Saturday, November 12, 2005

Why Robocalls Are Here To Stay

Robocalls (pre-recorded, automated phone calls) are spam, plain and simple. I hate them as much as I hate direct mail (=snail mail spam) or yard signs (=public space spam).

But here's the first problem: effective direct voter contact is a trade-off between effectiveness and coverage, or your ability to persuade people vs your ability to reach people. Put in other words, the critical resources in any campaign are time, people, and money. Sometimes that equation makes robocalls your best option.

The examples I'm giving here are simple, and I've omitted reams of information on other related field techniques, because this is a post and not a field textbook. (I'm also hoping a few of you make it all the way to the end of the post before you die of boredom.) I'm always happy to answer questions about "field stuff." In this case, the choice to keep this post focussed on robocalls vs their opposite, time-consuming but effective canvass programs, is a deliberate choice in the name of brevity, clarity, and compassion for the reader.

On a campaign, if you have enough volunteers, paid field staff, and/or a willing candidate and candidate surrogates, you can run a powerful canvass program knocking on doors and talking to voters one-on-one. The logistics are a bit of a juggle, and you need good field staff and a good voter file manager to target your program, as well as great volunteer recruiters and managers to make sure you have enough boots on the ground. One-on-one voter contact takes a small amount of money but it takes a huge amount of *time.* Plus, because people are not always home, even a grade-A canvass program will not reach all voters.

In contrast, robocalls are available just by cutting a check. And, they don't take much time. They are FAR less effective, but they are *easier* for campaigns to do. Robocalls are limited by: the phone matches on your voter file (seems to be around 60% in most places), the number of people home when you call, and the number of people with answering machines or voice mail. But, in a matter of hours, you can reach the same number of voters with robocalls that it would take months and hundreds of people to reach with a canvass program.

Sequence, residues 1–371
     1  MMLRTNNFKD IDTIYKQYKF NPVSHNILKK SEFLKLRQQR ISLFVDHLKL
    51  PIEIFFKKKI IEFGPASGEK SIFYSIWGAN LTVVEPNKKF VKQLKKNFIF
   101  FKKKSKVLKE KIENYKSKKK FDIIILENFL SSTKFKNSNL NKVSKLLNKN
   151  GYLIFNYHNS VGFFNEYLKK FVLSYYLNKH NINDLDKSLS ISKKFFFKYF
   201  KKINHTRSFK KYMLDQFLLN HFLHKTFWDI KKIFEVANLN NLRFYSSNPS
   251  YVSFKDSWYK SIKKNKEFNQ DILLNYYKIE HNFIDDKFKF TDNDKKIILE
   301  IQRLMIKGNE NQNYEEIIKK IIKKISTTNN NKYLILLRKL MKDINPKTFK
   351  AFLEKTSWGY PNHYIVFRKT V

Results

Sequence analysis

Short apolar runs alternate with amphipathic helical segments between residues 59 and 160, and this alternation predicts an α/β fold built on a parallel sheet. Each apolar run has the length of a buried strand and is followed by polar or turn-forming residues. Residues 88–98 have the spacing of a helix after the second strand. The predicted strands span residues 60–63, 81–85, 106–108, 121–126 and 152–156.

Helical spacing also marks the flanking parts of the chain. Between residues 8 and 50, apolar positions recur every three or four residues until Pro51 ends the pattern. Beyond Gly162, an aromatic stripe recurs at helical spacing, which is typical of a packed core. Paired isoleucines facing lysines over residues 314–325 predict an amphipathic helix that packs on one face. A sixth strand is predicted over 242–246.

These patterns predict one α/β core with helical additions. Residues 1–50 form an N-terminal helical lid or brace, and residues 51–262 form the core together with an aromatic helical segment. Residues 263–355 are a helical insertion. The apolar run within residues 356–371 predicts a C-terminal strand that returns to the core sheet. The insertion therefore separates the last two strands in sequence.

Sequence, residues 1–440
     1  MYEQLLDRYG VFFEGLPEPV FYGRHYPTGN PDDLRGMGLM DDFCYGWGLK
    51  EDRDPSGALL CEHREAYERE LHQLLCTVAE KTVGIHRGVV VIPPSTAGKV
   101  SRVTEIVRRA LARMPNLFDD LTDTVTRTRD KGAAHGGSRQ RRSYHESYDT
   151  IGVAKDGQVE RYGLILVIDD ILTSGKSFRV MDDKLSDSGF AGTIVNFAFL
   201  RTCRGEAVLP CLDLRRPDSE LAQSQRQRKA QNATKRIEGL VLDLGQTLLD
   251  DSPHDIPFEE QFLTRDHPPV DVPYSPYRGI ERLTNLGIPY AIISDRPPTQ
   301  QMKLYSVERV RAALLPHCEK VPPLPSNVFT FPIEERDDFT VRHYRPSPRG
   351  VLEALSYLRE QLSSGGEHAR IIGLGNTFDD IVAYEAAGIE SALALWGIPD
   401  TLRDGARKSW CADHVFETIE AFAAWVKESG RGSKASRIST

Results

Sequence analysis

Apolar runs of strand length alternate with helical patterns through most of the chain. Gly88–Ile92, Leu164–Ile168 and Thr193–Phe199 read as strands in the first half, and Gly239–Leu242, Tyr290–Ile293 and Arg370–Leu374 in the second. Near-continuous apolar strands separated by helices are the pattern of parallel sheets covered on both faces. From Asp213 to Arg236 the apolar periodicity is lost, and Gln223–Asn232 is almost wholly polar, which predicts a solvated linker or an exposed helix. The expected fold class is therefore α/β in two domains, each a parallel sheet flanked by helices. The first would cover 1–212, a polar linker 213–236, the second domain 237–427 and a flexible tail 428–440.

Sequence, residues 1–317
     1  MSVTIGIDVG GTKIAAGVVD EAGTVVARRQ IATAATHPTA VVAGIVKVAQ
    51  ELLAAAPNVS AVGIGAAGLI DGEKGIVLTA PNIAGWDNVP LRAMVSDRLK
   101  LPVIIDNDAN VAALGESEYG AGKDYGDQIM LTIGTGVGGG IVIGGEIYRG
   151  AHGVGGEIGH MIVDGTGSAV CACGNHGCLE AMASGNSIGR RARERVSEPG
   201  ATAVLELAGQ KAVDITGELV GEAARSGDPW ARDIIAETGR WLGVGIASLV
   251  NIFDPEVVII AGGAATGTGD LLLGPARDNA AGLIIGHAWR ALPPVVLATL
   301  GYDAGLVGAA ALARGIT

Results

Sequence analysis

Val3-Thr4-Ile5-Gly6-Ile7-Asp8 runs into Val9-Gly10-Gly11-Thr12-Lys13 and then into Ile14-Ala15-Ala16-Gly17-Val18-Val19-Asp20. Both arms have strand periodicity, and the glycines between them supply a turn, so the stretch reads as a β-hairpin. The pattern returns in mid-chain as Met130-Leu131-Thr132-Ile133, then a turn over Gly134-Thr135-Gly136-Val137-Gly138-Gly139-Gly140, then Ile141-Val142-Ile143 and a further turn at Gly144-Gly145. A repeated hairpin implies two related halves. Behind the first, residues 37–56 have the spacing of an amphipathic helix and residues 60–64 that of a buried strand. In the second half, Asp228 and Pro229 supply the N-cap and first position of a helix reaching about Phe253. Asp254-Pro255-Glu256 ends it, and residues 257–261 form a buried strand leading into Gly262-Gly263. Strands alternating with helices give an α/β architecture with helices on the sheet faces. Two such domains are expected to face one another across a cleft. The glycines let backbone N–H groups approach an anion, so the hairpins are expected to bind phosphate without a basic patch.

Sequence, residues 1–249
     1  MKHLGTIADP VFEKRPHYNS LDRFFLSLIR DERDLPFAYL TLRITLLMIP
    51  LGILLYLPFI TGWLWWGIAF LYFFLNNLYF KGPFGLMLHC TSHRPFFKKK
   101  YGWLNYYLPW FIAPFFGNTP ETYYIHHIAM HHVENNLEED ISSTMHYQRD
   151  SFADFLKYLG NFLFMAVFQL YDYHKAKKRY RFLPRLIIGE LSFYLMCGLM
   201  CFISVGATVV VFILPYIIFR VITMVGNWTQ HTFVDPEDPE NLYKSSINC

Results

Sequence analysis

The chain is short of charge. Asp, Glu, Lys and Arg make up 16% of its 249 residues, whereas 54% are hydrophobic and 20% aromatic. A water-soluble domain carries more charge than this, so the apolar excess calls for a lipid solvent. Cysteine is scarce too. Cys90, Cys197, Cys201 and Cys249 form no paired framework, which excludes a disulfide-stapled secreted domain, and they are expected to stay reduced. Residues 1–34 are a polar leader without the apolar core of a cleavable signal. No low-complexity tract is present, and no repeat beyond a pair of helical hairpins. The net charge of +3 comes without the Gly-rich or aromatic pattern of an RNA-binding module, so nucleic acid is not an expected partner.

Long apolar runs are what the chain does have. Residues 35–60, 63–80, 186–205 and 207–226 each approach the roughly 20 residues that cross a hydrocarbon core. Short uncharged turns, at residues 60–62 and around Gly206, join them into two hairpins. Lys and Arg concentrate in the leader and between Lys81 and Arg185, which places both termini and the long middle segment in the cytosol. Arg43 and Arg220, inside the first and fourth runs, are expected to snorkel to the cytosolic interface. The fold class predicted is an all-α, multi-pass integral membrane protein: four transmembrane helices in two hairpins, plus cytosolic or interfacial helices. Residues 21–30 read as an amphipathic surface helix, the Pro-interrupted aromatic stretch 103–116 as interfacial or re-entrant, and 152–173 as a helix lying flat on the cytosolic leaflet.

Grassroots campaigns are hard work. All other factors being equal, a ground war (grassroots strategies such as canvassing) will beat an air war (paid media and direct mail). But, the trend in campaigns is to do the easy and comfortable thing--write the checks, and spam out the robocalls, direct mail, and tv and radio ads.

Speaking of which, here's the second problem: the BIG campaign consultants don't make money off of grassroots campaigns. So who pushes for spam techniques--why, the DC parasite class, naturally. Their financial gain is more important than the Democratic win.

[At this point I need to make a disclaimer. The notable exception to my statement above, in my personal experience, has been Marty Stone at Stone's Phones. I've actually worked on campaigns where Marty has said, "There's a less expensive way to do that," "There's a more effective way to do that," and "You don't need that round of calls. Cut it from your budget." I have an abiding respect for him because he puts his clients first and he does tremendous work.]

Let me present this to you as a case study: you are running a campaign. You've had a great field team, huge numbers of enthusiastic volunteers, but it is one week out and you've only managed to hit 6,000 households and ID 4,500 supporters out of an expected turnout of 20,000 people. You can't safely run GOTV (get out the vote) with those numbers. Your volunteers also aren't going to be able to hit another 14,000 households or 5,900 supporters in the next week. (4,500 + 5,900 = 10,400 supporters, or 52% of the expected turnout, a standard GOTV win margin target.)

Your only reliable option is to do a round of phone ID's to hit a targetted list selected from the remaining 14,000 households to try to pick up another 5,900 voters. And, unless you have a bionic volunteer phonebank available, in most cases, the only realistic way to process those phone ID's is through a paid phone vendor.

Likewise, come Election Day, your time is running out, your quantity of people depends on your candidate and how you've run your campaign, and you are throwing money at any problem that pops up. You need to remind all of your ID'd supporters to vote on election day. Depending on the specifics of your district and election, you may need to makes sure some of them get the reminders before election day itself (e.g., commuter districts where people may leave the house before polls open and return after polls close--you need to get a message to those voters in time to persuade them to vote). You have a variety of field techniques at your disposal for your GOTV program, but the technique that requires the least time and people are GOTV phone calls. If you can do all of your calls out of an effective, in-house volunteer live phone back, you'll spend less money and get better results. If you don't have the phone lines or the people to make a volunteer GOTV phone bank are back to robocalls.

Now, I don't disagree at all with Matt's original thesis, that robocalls are as annoying as hell. My strong suggestion to Democrats is to use robocalls sparingly and well.

I'll pursue those thoughts in a separate post.

For more on Robocalls, please see Doing Robocalls the Right Way.

Why Robocalls Are Here To Stay is also cross-posted at The Blogging of the President.


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